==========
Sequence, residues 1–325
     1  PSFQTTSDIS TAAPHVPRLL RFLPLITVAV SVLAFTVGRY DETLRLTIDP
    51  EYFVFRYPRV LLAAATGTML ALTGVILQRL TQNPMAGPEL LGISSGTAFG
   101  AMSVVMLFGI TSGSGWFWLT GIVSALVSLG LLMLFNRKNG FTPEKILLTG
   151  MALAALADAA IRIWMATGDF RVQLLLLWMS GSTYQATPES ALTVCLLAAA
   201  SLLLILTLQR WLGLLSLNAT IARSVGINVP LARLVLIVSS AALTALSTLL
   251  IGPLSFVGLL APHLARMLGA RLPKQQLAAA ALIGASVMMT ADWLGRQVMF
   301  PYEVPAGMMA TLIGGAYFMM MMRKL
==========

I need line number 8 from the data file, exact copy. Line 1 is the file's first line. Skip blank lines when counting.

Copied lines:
   301  PYEVPAGMMA TLIGGAYFMM MMRKL